What makes a Soldier a Soldier? - Page 4




 
--
 
August 10th, 2012  
LeEnfield
 
 
Sherridan said How if we can ever get those pesky merchant marines from stealing the good beer.... or do you folks on your side of the river not have this problem? I'm thinking, regardless of who's military, when it comes to being supplied there are those who take from them who live in the trenches.... on my side of the pond we call them REMF's
(rear echelon muther f**kers) so, what is your phrase for such types?



REMF>>>>>>Being a former Paratrooper you carried what you wanted for at least three days on your back. Often you would be resupplied by air so that was not a problem, it was just the weight of your pack that could be a killer. Also if it was not nailed down we would take any thing we needed
August 10th, 2012  
VDKMS
 
A soldier is someone who carries out his orders, the leadership depends on it.
August 10th, 2012  
m551sheridan
 
 
Quote:
Originally Posted by I3BrigPvSk
Hi m551sheridan,

If you go to Your UserCP (you will find it on the top right beneath your name here) When you are there scroll down to Edit Signature. There can you add One Flag --- One Heart --- One Nation if you like.



thank you for the info, much appreciated

I went to look where you directed me but found no *edit signature*... maybe I have to be around for a while before I am allowed to do that. Appreciate the info none-the-less.
--
August 10th, 2012  
m551sheridan
 
 
Quote:
Originally Posted by LeEnfield
Sherridan said How if we can ever get those pesky merchant marines from stealing the good beer.... or do you folks on your side of the river not have this problem? I'm thinking, regardless of who's military, when it comes to being supplied there are those who take from them who live in the trenches.... on my side of the pond we call them REMF's
(rear echelon muther f**kers) so, what is your phrase for such types?



REMF>>>>>>Being a former Paratrooper you carried what you wanted for at least three days on your back. Often you would be resupplied by air so that was not a problem, it was just the weight of your pack that could be a killer. Also if it was not nailed down we would take any thing we needed
when on the rare occasion we visited a major firebase for resupply our HQ would have a steak feed... and beer. It was always Falstaff... a nasty brew to be sure (but it was cold so who gave aschit) anyway... we always wondered who got the good stuff. Being good Cavalry types we found solace in blaming the Navy and or the Merchant Marine..... all that Budweiser, Millers and other choice brews must have gotten lost somewhere between the hold of the ship and the dock space... hmmmm, that leaves the crane operator... damn, all these years and I never guesed the obvious..... hate it when that happens.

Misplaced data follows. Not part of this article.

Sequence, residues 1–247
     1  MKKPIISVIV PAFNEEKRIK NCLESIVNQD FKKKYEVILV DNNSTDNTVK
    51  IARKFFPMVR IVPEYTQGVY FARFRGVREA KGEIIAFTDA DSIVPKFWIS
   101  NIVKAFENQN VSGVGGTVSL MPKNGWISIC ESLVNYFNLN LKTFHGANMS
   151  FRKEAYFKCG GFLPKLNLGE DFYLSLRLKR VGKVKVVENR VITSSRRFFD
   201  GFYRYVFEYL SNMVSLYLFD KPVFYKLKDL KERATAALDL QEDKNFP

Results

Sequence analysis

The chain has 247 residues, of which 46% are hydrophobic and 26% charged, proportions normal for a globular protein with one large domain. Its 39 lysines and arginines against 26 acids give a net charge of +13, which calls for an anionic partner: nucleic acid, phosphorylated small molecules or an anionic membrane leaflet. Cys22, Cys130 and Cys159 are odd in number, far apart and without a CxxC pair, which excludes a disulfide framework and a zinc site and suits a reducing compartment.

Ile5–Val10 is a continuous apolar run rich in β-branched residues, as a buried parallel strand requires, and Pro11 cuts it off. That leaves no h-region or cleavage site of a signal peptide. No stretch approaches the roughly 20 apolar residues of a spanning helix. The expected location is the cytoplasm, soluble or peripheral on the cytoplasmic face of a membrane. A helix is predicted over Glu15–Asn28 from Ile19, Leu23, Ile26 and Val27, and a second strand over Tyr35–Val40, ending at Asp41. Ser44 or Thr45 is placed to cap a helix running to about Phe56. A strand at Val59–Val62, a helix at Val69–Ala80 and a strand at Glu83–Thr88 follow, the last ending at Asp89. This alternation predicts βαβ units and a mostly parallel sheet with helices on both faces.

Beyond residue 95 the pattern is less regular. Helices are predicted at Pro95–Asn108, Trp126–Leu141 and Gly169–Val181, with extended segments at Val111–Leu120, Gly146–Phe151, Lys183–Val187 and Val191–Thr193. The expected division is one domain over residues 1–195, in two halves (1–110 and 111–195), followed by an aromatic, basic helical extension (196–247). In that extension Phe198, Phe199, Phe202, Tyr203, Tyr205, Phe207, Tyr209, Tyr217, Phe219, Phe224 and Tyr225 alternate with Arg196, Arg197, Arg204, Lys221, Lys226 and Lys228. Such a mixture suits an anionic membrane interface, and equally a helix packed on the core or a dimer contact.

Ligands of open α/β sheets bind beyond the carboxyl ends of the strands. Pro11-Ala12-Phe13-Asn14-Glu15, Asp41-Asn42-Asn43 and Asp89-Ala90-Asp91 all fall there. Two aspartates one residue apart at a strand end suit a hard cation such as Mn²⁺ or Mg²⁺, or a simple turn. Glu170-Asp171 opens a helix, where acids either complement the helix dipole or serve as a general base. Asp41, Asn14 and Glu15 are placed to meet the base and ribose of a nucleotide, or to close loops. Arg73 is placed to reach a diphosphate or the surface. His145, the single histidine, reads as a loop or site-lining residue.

August 10th, 2012  
42RM
 
I am not arguing against that unit cohesion plays a "critical" role (interpret as trust in your comrades), but it is not the sole reason that men fight. IMO men fight for a confluence of reasons, not just because their comrades are there next to them.

The soldier of today joins an army that could be deployed to any number of places in the world in the service of any number of causes. The causes we fight for today may not be the causes we fight for tomorrow... beyond generalities like "fighting for your country", western armies fight for whatever cause their government decides to send them to fight for, causes that may at sometimes be less than obvious or less than compelling to the individual soldier. This would have a fairly obvious impact on cause identification in a western army, it seems to me.

Unit cohesion is a key issue in motivating soldiers to fight. Soldiers are taught the safety of the group depends on him and he can prevent harm to his unit, therefore the same applies to others in the group and it creates the feeling that they are each other´s protector but surprisingly, many soldiers in Iraq were motivated by patriotic ideals. Liberating the people and bringing freedom were common themes in describing combat motivation. Notions of freedom, democracy, and liberty are also voiced by soldiers today as key factors in combat motivation and today's soldiers are sophisticated enough to grasp the moral concepts of war.
August 11th, 2012  
rocky71
 
 
1.The conventional concept of a soldier is a person in uniform pledged to fight for his nation obeying orders of those set over him. In modern times often a soldier may not be in uniform and may not have taken any formal pledge. Warfare today is total involving everyone.

2. Many qualities / qualifications of a soldiers have been enumerated above, but the two most important are robustness of the mind and the body.
August 12th, 2012  
algrant
 
 

Topic: In one word


In one word Resourcefulness
August 12th, 2012  
42RM
 
For a Royal Marines Commando, their state of mind is the driving force. We are what we repeatedly do. Excellence, then, is not an act, but a habit.
August 14th, 2012  
viper2007
 
 
Quote:
Originally Posted by 42RM
For a Royal Marines Commando, their state of mind is the driving force. We are what we repeatedly do. Excellence, then, is not an act, but a habit.
Absolutely agreed on this statement. It is a lot like nursing. Keep repeating the correct things that needs to be done, then it will become habit. Not only that, what that needs to be done, also needs to be understood. This will enable the soldier to better understand the things he has to do and why he needs to do it in a certain manner...
August 20th, 2012  
NP8901
 

Topic: What makes a Soldier a Soldier?


Training + Discipline + Leadership.